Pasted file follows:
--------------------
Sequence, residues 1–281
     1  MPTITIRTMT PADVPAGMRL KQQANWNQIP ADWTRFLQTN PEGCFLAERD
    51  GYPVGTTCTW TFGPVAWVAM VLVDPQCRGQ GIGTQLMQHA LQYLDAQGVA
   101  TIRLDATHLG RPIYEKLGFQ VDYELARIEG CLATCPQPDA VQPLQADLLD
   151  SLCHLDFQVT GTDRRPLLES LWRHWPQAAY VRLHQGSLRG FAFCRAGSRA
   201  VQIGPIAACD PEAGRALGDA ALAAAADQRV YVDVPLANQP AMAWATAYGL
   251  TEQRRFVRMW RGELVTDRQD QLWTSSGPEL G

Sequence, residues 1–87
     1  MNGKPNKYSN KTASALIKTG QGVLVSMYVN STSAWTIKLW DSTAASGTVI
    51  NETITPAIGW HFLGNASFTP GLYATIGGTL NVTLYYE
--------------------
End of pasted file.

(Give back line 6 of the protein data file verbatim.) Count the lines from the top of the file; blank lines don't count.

   201  VQIGPIAACD PEAGRALGDA ALAAAADQRV YVDVPLANQP AMAWATAYGL